gms | German Medical Science

102. Jahrestagung der DOG

Deutsche Ophthalmologische Gesellschaft e. V.

23. bis 26.09.2004, Berlin

OCT findings of a chronically central serous retinopathy (CSR) combined with a pigment-epithelium detachment (PED) pre and post selective-RPE-Laser-Treatment (SRT) – a case report

Meeting Abstract

  • corresponding author C. Klatt - Ophthalmology, Universitätsklinikum Schleswig Holstein, Campus Kiel
  • A. Bunse - Ophthalmology, Universitätsklinikum Schleswig Holstein, Campus Kiel
  • H. Elsner - Ophthalmology, Universitätsklinikum Schleswig Holstein, Campus Luebeck
  • E. Pörksen - Ophthalmology, Universitätsklinikum Schleswig Holstein, Campus Luebeck
  • R. Birngruber - Medizinisches Laserzentrum Lübeck
  • J. Roider - Ophthalmology, Universitätsklinikum Schleswig Holstein, Campus Kiel

Evidenzbasierte Medizin - Anspruch und Wirklichkeit. 102. Jahrestagung der Deutschen Ophthalmologischen Gesellschaft. Berlin, 23.-26.09.2004. Düsseldorf, Köln: German Medical Science; 2004. Doc04dogP 149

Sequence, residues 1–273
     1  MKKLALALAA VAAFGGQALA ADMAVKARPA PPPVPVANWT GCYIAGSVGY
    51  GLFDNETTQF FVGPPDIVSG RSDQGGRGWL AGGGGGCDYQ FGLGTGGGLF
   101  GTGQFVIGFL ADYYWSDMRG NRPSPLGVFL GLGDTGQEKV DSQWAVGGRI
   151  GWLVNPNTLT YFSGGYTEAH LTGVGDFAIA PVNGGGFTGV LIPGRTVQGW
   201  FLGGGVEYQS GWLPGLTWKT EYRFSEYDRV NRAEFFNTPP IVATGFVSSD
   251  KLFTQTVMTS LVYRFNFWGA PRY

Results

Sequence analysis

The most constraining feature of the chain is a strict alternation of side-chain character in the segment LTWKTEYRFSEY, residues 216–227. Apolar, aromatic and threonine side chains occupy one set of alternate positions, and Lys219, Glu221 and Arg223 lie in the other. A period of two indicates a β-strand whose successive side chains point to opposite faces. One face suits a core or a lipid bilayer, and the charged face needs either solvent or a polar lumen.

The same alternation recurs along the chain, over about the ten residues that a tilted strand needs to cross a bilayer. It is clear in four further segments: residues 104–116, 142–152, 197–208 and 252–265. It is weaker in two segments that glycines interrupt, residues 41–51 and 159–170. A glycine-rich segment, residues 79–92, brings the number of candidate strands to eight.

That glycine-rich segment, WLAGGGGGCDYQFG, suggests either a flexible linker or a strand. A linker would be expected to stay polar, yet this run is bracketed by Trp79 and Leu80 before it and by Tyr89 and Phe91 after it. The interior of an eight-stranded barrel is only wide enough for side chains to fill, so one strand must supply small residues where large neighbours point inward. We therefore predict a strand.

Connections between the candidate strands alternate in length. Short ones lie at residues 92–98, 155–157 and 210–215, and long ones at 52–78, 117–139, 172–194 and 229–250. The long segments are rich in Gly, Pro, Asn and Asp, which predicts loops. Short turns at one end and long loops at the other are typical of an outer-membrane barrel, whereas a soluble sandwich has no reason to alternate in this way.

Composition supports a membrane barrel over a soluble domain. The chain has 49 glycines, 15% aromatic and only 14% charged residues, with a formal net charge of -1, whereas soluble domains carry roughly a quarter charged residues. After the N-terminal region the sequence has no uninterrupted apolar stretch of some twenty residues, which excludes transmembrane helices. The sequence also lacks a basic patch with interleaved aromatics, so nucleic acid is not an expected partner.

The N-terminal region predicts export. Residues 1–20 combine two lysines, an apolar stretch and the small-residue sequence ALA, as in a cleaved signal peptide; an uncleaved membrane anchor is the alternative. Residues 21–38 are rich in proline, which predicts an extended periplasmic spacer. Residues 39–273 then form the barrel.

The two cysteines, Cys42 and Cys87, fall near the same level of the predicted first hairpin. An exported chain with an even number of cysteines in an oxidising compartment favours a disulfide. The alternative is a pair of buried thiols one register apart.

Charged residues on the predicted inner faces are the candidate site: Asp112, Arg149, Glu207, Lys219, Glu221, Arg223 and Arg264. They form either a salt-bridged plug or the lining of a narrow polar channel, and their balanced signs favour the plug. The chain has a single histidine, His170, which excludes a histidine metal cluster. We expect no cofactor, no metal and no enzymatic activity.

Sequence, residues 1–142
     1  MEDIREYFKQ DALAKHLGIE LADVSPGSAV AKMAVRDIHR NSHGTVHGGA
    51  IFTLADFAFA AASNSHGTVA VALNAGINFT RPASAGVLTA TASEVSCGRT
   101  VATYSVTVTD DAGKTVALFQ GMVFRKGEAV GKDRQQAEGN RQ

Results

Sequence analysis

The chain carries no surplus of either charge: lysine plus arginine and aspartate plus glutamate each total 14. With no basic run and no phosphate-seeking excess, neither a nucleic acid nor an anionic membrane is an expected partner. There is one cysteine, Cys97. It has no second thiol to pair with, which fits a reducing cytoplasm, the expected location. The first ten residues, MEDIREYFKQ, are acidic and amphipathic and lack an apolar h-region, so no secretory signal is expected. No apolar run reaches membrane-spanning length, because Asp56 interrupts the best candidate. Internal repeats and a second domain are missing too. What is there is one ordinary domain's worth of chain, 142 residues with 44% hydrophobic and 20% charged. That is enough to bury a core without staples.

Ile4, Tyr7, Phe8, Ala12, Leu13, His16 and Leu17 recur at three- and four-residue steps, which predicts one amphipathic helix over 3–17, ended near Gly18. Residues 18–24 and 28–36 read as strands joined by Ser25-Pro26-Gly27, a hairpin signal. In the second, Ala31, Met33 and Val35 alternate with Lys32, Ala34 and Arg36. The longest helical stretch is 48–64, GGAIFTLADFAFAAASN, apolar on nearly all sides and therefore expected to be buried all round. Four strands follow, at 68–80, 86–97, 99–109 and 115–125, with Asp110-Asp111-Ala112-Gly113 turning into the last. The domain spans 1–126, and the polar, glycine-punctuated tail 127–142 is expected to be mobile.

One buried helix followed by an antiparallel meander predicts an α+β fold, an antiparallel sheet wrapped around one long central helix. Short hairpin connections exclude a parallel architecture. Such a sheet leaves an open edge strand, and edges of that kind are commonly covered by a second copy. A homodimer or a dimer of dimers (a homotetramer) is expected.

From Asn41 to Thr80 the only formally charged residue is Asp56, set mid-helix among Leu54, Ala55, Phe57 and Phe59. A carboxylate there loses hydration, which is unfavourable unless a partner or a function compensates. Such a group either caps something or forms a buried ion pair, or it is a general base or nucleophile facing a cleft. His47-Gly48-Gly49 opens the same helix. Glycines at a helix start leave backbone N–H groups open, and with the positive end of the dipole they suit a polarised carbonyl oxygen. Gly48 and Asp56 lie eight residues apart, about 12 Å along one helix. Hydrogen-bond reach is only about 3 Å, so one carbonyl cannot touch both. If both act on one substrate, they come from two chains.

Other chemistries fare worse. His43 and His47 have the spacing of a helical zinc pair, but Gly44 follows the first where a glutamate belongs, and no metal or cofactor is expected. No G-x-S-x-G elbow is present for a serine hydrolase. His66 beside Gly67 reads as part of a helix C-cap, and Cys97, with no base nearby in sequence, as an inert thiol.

The electronic version of this article is the complete one and can be found online at:

Published: September 22, 2004

© 2004 Klatt et al.
This is an Open Access article distributed under the terms of the Creative Commons Attribution License ( You are free: to Share – to copy, distribute and transmit the work, provided the original author and source are credited.




Clinical findings in chronically central serous retinopathy (CSR) are variable and difficult to handle. We present a patient 52 years of age with chronical subfoveal and parafoveal leckage in fluorescein angiography (FA) without spontaneous improvement for two years. The OCT (OCT III, Humphrey/Zeiss) displayed a subfoveal detachment of the pigmentepithelium (PED) in combination with an accumulation of subretinal serous fluid.


Initially the patient had a visual acuity of 0,63. A confluent focal photocoagulation of the leckage area and the pigment epithelium detachment (PED) was performed by Selective-RPE-Laser-Treatment (SRT). Selective-RPE-Laser-Treatment (SRT) uses a frequency doubled Q-switched Nd:YLF Lasers (527 nm). Each laser exposition applies a train of 30 pulses, each of 1,7 μs duration, at a repetition rate of 100 Hz. The spotsize is 120 μm. SRT selectively damages RPR cells while sparing retinal structures.


Post SRT subretinal serous fluid resorbed completely within 10 weeks. In spite of confluent Selective-RPE-Laser-Treatment (SRT) visual acuity remained the same (V=0,63). The pigment epithelium detachment (PED) remained unaffected, in particular there was no RIP-Syndrom observed.


Due to its selectivity it seems possible to treat pathological retina findings by Selective-RPE-Laser-Treatment (SRT) associated with pigmentepithelium detachment (PED) without causing residual damage effectively.